Lifestyle

Lunch at the Sea: Il Pranzo al Mare

Salty sea water is in the Italian DNA. As is freshly fried fish, ladles of slightly al-dente spaghetti al vongole and glasses poured full of ice-cold pinot grigio. Sun, sea and good food is what makes the Country and its people tick. Unite the three together for pranzo al mare (lunch at the sea) and you’re in for a full-on, real-deal Italian experience. Some may call it la dolce vita and rightly so, lunching with the sea breeze blowing in your hair and with soft sand beneath your toes is doubtlessly leisure at its finest. Yet there is even more to it than that. Pranzo al mare has become a rite of passage; the zest, the zing and essence to the Italian way of life.

Luckily, embarking on such an escapade is an easy feat in Italy. The country boasts over 7000 km of coastline and more beaches than any other country in Europe. Of all the beaches worldwide that have been awarded the prestigious Blue Flag, based on cleanliness and sustainability, Italy holds prize to a whopping ten percent. Its infamously long and narrow boot-shaped size means that one is never further than two hours from shore at any given point. For some, aka my Rome-based self, this journey from door to sand takes a mere forty-minute drive. From sand to restaurant to happily boozy, food-coma bliss; well, that’s another story. Time is then yours to revel in as you watch the waves wash up, take in the chitter and chatter, savour each mouthful of food and simply soak in the moment till the sun comes down.

I had my first encounter with the Roman seaside not long after I moved to the Capital, all of eight years ago. It was early spring; a cold, crisp yet gloriously sunny morning in March and a recent Italian acquaintance suggested we go to the sea. “Andiamo al mare?” he rang to ask. Applauding this newfound courageous side of the Italian spirit and eager, both in my excitement to explore beyond the city walls and in my new (and very basic) set of language skills, I replied, “Si, Andiamo!” (“Let’s go!”). Sunscreen in bag and swimsuit well-prepped beneath my clothes, I took the plunge and leapt into the big blue mere minutes on arrival. Emerging from the icy waters (yes, the coldest of the year!) I looked on to the beach where my friend, donned in gloves, hat and puffer-jacket, watched with dumbfounded dismay. “But we came for lunch!” he yelled my way. Goose bumps all-over, I grinned and gave him a wave. “Questi inglese…” (these English), I heard him say. 

As we sat down for lunch, it became clear that what my friend lacked in nerve for March-time swimming, he made up for in appetite. The antipasti came rolling in; crudi di gamberi rossi (raw red shrimp), insalata di mare (seafood salad) and alici marinate (marinated anchovies), which made me vow to boycott the jarred, overly salted version ever since. Next came the moscardini fritti (deep-fried baby octopus) and garlic-brushed bruschette laden with telline (baby clams), two strong advocates for the catchphrase: ‘it’s the little things in life.’ Onto the primi (first-courses) where he took risotto and I, the spaghetti. Both cooked ai frutti al mare (with the fruits of the sea) and both so equally delicious for one to take trumps. The food-coma, as mentioned above, was not reached in full until our secondi had been devoured: spigola con patate (grilled seabass with roasted potatoes) that, despite its utter perfection, did have me tempted to jump back into the sea and reboot.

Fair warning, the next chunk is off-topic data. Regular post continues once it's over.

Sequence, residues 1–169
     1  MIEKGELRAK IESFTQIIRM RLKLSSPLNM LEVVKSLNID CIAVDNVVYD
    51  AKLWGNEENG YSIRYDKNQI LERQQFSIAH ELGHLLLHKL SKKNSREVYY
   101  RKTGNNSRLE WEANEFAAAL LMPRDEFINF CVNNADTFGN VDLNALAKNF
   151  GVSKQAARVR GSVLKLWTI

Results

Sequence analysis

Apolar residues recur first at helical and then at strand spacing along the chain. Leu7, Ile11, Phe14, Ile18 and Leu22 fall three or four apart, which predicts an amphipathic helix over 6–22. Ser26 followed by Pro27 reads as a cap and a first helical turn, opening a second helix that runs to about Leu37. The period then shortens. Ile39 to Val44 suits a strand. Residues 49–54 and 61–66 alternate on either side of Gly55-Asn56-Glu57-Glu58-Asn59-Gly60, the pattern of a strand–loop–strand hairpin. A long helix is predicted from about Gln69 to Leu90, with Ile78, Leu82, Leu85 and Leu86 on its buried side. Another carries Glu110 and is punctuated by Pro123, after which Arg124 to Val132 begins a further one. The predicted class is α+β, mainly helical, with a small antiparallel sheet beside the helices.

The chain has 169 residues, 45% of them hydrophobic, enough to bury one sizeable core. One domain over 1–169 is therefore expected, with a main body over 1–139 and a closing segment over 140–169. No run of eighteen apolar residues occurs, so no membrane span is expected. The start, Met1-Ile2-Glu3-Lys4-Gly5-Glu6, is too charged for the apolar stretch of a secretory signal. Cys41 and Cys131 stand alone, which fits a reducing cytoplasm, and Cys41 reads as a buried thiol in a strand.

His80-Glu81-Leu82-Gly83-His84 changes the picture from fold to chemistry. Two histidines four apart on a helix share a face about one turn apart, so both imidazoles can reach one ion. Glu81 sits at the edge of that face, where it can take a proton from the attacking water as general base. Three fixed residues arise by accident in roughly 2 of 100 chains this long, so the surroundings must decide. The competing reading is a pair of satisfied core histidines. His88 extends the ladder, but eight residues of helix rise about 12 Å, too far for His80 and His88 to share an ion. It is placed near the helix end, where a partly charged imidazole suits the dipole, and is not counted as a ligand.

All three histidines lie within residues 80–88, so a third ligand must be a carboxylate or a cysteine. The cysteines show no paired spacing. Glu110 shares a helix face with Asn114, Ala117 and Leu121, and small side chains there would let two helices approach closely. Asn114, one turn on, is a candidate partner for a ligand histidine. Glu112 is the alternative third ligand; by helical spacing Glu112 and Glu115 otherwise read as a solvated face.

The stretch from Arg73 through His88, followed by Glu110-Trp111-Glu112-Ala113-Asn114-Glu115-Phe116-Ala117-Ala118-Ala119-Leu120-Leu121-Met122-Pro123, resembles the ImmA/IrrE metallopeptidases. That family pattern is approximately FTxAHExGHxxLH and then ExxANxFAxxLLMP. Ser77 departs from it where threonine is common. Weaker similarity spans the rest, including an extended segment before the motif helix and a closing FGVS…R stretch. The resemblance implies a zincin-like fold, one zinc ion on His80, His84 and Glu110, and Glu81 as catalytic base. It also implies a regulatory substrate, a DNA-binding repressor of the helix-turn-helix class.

The maritime hamlet of Fregene, host to this very first pranzo al mare, is located in Rome’s comune of Fregene. Once inhabited by the Etruscans, it remains to this day a firm favourite amongst their ancestors; its 5km stretch of beach, which is dotted with restaurants from end to end, provides the Roman people (and me!) with the perfect lunchtime getaway. My eight years of living in Italy, however, have led me not only all the way along the peninsula but also onto the nearby islands. From the pebbly stone beaches and crystalline waters of the Amalfi coast, hidden behind vast craggy cliffs, to the white and powdery sands of Sardinia and the volcanic rocky black shore of Stromboli, the country’s coastline is imploring for exploring, its gems often too wow to seem true.

Nowadays, my early-year swims have somewhat diminished, being traded in for Italian acceptable summertime dips. My tolerance to sun and wine, thanks to regular doses of both, has much improved and the same must be said for my capacity in the partaking of multiple course meals. Little by little and day by day I am becoming Italianised. Trips to the sea, although forever a treat, are now the most faithful and familiar of joys and in taking my (sun)hat off to my Italian pal, I concur: it really is…all about the lunch.